Baguio is the seat of the Cordillera Administrative Region, which means that it is the government center.
Baguio has always been known as the "Cordillera Gateway," the melting pot of the Cordillera natives, highland tribesmen (known collectively as "Igorots," a name hardly used these days anymore because it is considered pejorative -- only the natives may call each other "Igorot," by the way).
In recent years, many citizens from the lowland provinces of the Ilocos Region, Pangasinan and the rest of Central Luzon have come up in droves to take up residence in the Summer Capital of the Philippines because of its appealing climate, natural beauty and and a proliferation of schools in Baguio. They now outnumber the high-landers and who are a generally shy and honest bunch and have driven them to the fringes of Baguio society.
More About the Highland Natives:
The Botanical Garden, which for a time was called the Igorot Village, showcases some native huts and products. One can enter these structures to catch a glimpse of tribal life.
The Kalingas feature the lightest colors and patterns in their weaves, while the Bontoc tribe's colors are dark and dramatic, befitting their nature as a warrior tribe.
The Ifugaos have the finest textures and are the greatest woodcarvers in the whole Cordillera area, with furniture art pieces that grace even the most sophisticated homes and offices in the Philippines.
The Ibalois are farmers and traders, thus considered as the most non-aggressive tribe because they engage mostly in commercial activities.
The Kankanaeys are the best miners and most adept at carving out mountain trails and tunnels, and of course, finding valuable minerals hidden deep inside the Cordillera Mountains.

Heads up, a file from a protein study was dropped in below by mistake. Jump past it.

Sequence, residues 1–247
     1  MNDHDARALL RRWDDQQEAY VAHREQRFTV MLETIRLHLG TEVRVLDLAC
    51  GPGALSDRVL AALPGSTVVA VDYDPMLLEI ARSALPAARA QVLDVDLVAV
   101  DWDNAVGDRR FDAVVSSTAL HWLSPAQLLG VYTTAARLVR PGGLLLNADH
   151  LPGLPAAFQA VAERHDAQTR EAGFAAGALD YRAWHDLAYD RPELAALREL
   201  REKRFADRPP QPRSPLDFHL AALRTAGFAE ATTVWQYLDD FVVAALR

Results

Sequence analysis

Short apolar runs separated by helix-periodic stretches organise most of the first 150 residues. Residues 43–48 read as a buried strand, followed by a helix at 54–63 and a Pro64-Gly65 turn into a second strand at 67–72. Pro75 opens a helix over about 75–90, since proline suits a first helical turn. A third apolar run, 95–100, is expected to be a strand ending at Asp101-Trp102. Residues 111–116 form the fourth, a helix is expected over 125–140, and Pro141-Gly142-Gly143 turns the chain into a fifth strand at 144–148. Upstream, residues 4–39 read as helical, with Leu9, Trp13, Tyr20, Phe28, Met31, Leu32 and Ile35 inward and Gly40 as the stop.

But if you look closely, you can spot a highland native very easily via his facial features: high cheekbones, almond eyes, a squarish jaw, pink complexion (mostly the ladies from Benguet) and very straight dark hair, with broad shoulders and thick legs. The ladies are a much finer, comelier version of the men, usually slim and fine-boned. And you can spot them because they will usually address you in fluent English.
Of course the old folks are much darker than their younger counterparts due to many years of working in the bright sunlight. Only they will wear their traditional dress everyday in these modern times, although when the young men and women are called to tribal assemblies, and on festive occasions they gladly don the colors of their tribe with pride.
While Baguio is a destination in itself some visitors, especially foreign tourists and backpackers, use the city as a jump-off point for exploring the other Cordillera provinces.
Baguio, although it is a city independent of any province, is located entirely within the boundaries of Benguet province. Different modes of transportation (e.g. jeepneys and taxis) are available from Baguio to La Trinidad Valley, Benguet's capital and the other areas surrounding the city (e.g. Itogon, Sablan, Tuba).
The different provinces of the Cordilleras are: Benguet (populated by the Ibaloi and Kankanaey tribes), Mountain Province (where Sagada is located), Kalinga (famous for the brightly colored hand woven products), Abra, Apayao, Ifugao (the best wood carvers in the Philippines plus the world-famous Banaue Rice Terraces).